In A Look at Art Experts’ Liabilities John Dratz Jr. discusses the appraisal and valuation expert witness’s role in authenticating and appraising works of art. This excerpt discusses defamation cases.
Defamation actions protect the aggrieved party’s name as opposed to his or her purely economic interests. As with disparagement, the statement must be false and published to a person other than the plaintiff. The defamatory statement must also be of a purported fact that can be objectively verified. Thus, a television news report implying that an art dealer knowingly sold stolen candelabra to the de Young Museum is a defamatory statement capable of being objectively determined to be true or false. (Weller v. American Broadcasting Cos., 232 Cal. App. 3d 991 (1991).)
As in other actions based on defamation, the public or private nature of the matter affects the burden of proof. Artists as a rule assume the status of public figures by placing their art in the public eye, and to prevail a plaintiff would be required to prove that the defendant’s statement regarding the artist was “substantially false.” (Weller, 232 Cal. App. 3d at 1010.) However , if the allegedly defamatory statement centered on a private matter – such as a purely contractual relationshiop between artists or between artists and dealers – then the defendant would have the burden of proving its truth. (See Polygram Records, Inc. v. Superior Court, 170 Cal.App. 3d 543 (1985).)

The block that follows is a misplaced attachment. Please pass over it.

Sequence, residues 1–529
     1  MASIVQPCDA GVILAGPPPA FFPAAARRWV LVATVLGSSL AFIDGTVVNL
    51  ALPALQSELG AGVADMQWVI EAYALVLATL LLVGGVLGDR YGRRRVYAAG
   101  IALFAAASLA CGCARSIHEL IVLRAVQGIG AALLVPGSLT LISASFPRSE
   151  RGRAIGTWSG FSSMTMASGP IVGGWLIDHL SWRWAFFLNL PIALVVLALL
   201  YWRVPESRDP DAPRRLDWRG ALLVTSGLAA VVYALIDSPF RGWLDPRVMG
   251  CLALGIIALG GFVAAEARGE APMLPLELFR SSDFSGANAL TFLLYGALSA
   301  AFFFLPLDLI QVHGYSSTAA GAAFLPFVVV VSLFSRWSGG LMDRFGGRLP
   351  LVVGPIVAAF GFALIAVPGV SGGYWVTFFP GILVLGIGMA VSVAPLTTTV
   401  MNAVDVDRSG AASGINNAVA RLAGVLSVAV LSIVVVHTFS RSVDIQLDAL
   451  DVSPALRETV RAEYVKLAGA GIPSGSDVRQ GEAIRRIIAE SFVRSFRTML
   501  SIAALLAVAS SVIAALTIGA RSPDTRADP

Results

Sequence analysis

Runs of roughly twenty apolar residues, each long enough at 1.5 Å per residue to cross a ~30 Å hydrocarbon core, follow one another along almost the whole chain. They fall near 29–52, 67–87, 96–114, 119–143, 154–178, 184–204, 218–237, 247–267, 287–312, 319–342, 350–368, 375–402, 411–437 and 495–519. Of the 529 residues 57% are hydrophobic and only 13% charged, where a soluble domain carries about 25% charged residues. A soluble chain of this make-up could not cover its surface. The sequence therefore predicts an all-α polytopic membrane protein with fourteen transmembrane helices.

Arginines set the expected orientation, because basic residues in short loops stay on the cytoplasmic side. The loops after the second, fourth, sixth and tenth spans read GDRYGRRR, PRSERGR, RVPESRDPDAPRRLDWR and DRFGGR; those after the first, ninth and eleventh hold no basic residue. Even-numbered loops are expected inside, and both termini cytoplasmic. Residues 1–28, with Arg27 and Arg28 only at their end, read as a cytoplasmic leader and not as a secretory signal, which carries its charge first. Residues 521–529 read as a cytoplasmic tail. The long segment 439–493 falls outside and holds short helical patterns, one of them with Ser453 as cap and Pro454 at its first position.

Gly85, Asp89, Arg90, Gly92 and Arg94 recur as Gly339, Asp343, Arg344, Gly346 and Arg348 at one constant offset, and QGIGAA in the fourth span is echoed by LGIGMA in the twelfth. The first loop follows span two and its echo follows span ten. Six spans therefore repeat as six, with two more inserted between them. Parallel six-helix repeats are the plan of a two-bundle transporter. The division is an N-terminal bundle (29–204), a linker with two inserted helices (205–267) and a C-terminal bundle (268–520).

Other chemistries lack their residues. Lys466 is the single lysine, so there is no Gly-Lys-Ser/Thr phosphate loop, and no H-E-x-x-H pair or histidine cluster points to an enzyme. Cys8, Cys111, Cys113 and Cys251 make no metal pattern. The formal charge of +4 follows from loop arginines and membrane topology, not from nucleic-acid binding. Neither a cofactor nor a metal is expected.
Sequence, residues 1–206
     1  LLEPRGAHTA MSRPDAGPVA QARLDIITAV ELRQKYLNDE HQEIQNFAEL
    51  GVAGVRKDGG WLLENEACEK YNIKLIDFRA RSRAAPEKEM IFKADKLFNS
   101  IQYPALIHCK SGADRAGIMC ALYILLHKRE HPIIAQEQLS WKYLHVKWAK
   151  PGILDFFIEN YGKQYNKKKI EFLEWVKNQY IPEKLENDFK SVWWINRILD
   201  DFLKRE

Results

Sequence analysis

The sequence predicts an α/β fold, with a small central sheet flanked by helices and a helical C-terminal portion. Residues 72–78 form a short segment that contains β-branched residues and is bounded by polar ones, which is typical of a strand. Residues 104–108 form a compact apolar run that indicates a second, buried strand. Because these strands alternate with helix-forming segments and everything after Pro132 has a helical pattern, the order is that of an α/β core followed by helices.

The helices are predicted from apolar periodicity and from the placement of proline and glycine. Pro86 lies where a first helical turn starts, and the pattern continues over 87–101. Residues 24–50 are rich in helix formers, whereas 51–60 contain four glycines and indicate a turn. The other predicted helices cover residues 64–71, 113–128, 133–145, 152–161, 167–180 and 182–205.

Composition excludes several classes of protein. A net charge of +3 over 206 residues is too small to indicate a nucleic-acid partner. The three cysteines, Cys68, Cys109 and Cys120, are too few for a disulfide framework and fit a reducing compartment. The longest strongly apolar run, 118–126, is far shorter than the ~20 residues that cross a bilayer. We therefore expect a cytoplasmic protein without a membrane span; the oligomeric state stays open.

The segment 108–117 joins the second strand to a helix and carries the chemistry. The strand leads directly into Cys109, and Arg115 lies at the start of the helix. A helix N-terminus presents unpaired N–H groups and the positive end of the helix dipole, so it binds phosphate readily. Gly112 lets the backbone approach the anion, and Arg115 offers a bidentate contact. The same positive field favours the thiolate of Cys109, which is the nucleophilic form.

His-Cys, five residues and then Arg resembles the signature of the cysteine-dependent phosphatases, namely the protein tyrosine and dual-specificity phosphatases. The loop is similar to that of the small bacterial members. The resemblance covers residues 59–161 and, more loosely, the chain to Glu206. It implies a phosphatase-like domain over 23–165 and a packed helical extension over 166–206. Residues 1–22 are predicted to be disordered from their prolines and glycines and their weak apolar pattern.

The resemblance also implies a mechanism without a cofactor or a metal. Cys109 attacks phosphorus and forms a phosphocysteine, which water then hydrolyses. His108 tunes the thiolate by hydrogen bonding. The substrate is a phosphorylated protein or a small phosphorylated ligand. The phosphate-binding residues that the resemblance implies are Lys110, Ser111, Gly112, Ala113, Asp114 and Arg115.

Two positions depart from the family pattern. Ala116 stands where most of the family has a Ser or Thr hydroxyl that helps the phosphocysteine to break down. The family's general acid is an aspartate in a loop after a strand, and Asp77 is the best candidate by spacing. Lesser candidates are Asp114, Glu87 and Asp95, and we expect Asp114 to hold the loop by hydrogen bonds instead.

Excerpted from California Lawyer, November 2007